Conspiracy Theories- Titanic Urban Legends
The first wave of Titanic mania, the immediate aftermath of the disaster, was impelled by the puzzles and unanswered questions and inquiries into the affair. Some of these hardened into conspiracy theories
, and such theories can be an oblique expression of collective anxiety or of the need for scapegoats.
That J. Bruce Ismay
conspired with Captain Smith
recklessly to sail the ship at maximum speed was one such theory. That crew members conspired to prevent steerage passengers from reaching the lifeboat deck was another. Ismay’s motive has not been proven, while steerage passengers who testified at the American Senate investigation thought that one locked gate did not amount to systematic obstruction of steerage passengers’ right to life.
That the Marconi Company may have conspired to suppress eye-witness accounts of the tragedy that did not emanate from its own news service is likelier.
The second wave of Titanic mania that occurred in the 1950s (impelled by Walter Lord’s classic book, A Night to Remember, and the movie it inspired) had more to do with an American and British nostalgia for the alleged certainty and glamour before the modern age than with scepticism or recrimination.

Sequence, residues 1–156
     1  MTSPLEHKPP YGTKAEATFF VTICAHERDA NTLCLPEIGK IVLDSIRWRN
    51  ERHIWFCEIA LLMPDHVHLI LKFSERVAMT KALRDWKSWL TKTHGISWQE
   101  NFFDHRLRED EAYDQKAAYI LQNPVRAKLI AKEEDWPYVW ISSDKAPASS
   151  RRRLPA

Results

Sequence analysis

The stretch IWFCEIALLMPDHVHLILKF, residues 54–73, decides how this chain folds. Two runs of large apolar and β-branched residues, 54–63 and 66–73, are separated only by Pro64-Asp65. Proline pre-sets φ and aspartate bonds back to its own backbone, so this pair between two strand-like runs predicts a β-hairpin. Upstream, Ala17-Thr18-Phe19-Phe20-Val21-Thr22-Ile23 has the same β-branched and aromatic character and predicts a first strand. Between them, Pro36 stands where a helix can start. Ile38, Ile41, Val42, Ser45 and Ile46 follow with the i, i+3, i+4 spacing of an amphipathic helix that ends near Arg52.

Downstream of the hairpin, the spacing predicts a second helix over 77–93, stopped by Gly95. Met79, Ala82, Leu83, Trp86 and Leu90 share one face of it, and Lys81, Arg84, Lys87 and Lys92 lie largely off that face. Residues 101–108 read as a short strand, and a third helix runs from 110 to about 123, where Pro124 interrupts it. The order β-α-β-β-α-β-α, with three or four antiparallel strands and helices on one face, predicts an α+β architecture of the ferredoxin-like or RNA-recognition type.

With the third wave, which appeared during searches for the wreck, and its successful discovery in 1985, has come the return of conspiracy theories. It has been suggested that the ship-builders knowingly worked from flawed designs and with inadequate materials.
One of the more bizarre conspiracy theories, concocted in 1995, was that the owners of the ship had switched a damaged Olympic for Titanic and deliberately scuttled Olympic (through collision with an iceberg) in order to secure the larger insurance compensation should Titanic sink. True, there was a brief suspicion that a cruelly untrue cable from the White Star Line to its owners claiming that Titanic was steaming towards Halifax with all its passengers safe was a stalling device so that the ship could be re-insured.
But by 1995, conspiracy theories had become media sales pitches rather than serious investigative journalism or scholarship.